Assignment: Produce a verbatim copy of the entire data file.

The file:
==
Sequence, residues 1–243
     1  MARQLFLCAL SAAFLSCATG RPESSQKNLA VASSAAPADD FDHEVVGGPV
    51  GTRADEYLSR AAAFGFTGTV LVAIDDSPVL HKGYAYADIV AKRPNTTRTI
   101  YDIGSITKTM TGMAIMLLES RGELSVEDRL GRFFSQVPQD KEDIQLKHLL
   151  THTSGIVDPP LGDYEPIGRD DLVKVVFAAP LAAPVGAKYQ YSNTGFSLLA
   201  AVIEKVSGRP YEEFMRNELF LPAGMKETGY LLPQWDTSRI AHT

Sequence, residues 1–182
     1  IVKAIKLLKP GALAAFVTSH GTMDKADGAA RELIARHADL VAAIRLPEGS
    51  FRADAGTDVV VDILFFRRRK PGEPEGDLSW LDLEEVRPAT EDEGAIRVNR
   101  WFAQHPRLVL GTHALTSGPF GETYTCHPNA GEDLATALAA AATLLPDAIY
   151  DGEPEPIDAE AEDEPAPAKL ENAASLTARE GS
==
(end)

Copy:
Sequence, residues 1–243
     1  MARQLFLCAL SAAFLSCATG RPESSQKNLA VASSAAPADD FDHEVVGGPV
    51  GTRADEYLSR AAAFGFTGTV LVAIDDSPVL HKGYAYADIV AKRPNTTRTI
   101  YDIGSITKTM TGMAIMLLES RGELSVEDRL GRFFSQVPQD KEDIQLKHLL
   151  THTSGIVDPP LGDYEPIGRD DLVKVVFAAP LAAPVGAKYQ YSNTGFSLLA
   201  AVIEKVSGRP YEEFMRNELF LPAGMKETGY LLPQWDTSRI AHT

Sequence, residues 1–182
     1  IVKAIKLLKP GALAAFVTSH GTMDKADGAA RELIARHADL VAAIRLPEGS
    51  FRADAGTDVV VDILFFRRRK PGEPEGDLSW LDLEEVRPAT EDEGAIRVNR
   101  WFAQHPRLVL GTHALTSGPF GETYTCHPNA GEDLATALAA AATLLPDAIY
   151  DGEPEPIDAE AEDEPAPAKL ENAASLTARE GS